Happy birthday! If you are turning 65 years old, there are some things you should know about using and enrolling in the Medicare program. For many people, reaching the age of 65 also means a lot of questions. You may be asking yourself “when can I sign up for Medicare?”, “how do I sign up for Medicare?”, “do I even have to apply for Medicare?”.
There is a grace period to enroll in Medicare starting a few months before you turn 65 which continues for a few months after you turn 65. Missing or delaying this enrollment period can result in penalties and difficulties for enrollment later, so it is highly recommended that you review the plans have taken advantage of the designated enrollment period.
It’s important to note that you do not automatically become enrolled in Medicare once you turn 65
For those that are enrolled in the Social Security program, there is good news. Once you turn 65 and are already collecting Social Security, the individual will be automatically sent a Medicare card in the mail. The card should arrive approximately three months before the 65th birthday during the start of the enrollment period.
Social Security and Medicare are separate programs, but the Social Security Administration (SSA) performs basic administration functions for both, including enrollment. If you are not yet collection Social Security payments, you can enroll in Medicare by visiting the website www.Medicare.gov or by calling Social Security at 1-800-772-1213. Many people wait to collect Social Security because they receive higher payouts the older they get. If you are 65 years of age, about to turn 65, or have a disability that makes you eligible for Medicare and wish to enroll, you can do so by visiting the website or calling me, .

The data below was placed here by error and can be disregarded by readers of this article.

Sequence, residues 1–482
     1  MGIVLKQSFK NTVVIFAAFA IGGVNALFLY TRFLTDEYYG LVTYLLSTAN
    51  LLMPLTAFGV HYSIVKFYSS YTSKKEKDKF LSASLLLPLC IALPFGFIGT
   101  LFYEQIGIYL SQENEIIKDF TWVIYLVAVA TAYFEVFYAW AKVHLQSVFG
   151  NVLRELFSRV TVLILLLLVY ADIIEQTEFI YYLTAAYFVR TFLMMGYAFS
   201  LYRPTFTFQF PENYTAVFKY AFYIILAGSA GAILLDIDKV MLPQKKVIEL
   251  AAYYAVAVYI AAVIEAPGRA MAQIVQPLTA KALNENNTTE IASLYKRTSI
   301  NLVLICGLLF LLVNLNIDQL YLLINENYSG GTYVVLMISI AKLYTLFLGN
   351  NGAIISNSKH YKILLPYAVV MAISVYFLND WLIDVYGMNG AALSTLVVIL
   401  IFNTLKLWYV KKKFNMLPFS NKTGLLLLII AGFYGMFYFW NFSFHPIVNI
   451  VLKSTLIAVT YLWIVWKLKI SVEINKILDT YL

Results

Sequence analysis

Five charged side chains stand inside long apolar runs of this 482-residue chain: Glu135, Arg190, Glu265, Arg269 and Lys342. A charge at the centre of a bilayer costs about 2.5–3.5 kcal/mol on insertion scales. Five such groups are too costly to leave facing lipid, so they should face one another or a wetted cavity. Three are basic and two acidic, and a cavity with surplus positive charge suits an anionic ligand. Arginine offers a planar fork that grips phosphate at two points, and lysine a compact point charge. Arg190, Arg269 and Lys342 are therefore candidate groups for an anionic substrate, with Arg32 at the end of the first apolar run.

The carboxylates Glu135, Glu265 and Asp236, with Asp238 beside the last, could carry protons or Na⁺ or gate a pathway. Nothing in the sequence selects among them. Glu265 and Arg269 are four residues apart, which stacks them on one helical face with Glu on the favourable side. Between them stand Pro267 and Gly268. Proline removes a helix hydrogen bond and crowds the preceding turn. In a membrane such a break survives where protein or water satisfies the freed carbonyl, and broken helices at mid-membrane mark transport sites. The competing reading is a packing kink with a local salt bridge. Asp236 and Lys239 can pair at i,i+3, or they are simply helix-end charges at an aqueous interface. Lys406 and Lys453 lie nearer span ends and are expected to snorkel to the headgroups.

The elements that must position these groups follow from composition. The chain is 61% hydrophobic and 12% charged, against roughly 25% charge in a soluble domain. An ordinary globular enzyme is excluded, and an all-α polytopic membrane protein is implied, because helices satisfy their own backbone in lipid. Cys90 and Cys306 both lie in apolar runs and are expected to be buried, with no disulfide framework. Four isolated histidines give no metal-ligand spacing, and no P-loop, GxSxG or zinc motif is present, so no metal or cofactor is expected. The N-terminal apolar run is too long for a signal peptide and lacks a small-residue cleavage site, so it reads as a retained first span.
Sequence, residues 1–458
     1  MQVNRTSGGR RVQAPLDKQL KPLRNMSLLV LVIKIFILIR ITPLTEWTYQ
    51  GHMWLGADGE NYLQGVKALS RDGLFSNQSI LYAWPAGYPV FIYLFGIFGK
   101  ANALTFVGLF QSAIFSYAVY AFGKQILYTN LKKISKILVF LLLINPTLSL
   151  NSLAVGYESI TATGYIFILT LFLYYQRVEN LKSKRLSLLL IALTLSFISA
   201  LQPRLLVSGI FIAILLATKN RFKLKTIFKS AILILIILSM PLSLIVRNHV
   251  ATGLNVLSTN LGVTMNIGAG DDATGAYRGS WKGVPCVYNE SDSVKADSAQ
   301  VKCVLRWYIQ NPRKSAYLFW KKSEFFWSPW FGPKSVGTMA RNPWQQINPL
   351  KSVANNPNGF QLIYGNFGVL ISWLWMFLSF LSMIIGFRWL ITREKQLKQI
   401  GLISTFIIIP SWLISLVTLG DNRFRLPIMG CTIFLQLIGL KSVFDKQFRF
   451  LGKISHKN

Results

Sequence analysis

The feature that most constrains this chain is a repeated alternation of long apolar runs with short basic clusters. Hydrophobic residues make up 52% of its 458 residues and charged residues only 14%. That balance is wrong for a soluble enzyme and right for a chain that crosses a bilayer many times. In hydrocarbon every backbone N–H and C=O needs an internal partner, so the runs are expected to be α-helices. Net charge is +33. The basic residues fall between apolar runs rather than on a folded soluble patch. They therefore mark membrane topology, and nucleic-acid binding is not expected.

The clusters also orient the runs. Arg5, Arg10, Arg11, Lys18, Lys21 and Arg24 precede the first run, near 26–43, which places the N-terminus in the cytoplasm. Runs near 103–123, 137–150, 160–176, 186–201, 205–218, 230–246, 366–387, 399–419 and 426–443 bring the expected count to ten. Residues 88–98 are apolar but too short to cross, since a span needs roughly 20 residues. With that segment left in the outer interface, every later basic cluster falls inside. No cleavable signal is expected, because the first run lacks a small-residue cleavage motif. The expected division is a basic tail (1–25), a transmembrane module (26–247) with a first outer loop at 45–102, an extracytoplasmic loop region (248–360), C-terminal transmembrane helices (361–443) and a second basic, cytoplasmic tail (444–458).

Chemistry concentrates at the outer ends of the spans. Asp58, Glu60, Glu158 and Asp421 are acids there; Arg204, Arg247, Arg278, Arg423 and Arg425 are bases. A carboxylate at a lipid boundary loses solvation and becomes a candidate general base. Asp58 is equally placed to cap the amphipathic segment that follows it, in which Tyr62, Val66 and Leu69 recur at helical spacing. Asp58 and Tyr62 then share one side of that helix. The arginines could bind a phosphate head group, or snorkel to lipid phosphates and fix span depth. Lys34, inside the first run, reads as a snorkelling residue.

When enrolling in Medicare there are several different “parts” to consider and enroll under. Part A offers hospital coverage and Part B offers medical insurance. Part C is known as the Medicare Advantage Plans, and Part D is outpatient Prescription Drug Insurance. If you are still working and receive health insurance through your current employer, you may want to consider opting out of Part B in the Medicare plan. Once you retire or resign and stop working, enrollment in Part B would be more beneficial because then the coverage will be needed. It is not needed while you have health coverage under your employer.
Medicare covers approximately half of acquired health related costs including copays, hospital pills, prescriptions, deductibles, etc. Some people use Medigap to help cover the remaining costs. Medigap is an insurance policy issued through private companies. There are also Advantage plans that offer extra coverage, but the individual must be enrolled in both Parts A and B to qualify for an Advantage Plan, otherwise known as Part C.
There are many options to consider in Medicare and the plans can be selected to best suit your needs as you reach age 65. If you are not currently employed, enrolling both Parts A and B may be beneficial and will help qualify you for Medigap as well as an Advantage Plan. The enrollment period opens three months before your 65th birthday, so visit www.Medicare.gov to explore your options. Consider both your current and future health needs when enrolling in the Medicare program to help you receive the best coverage for you.
Hopefully this answers one of the biggest questions I get which is “how do I sign up for Medicare?”. If you have further questions please contact me and I can recommend coverage for your specific needs.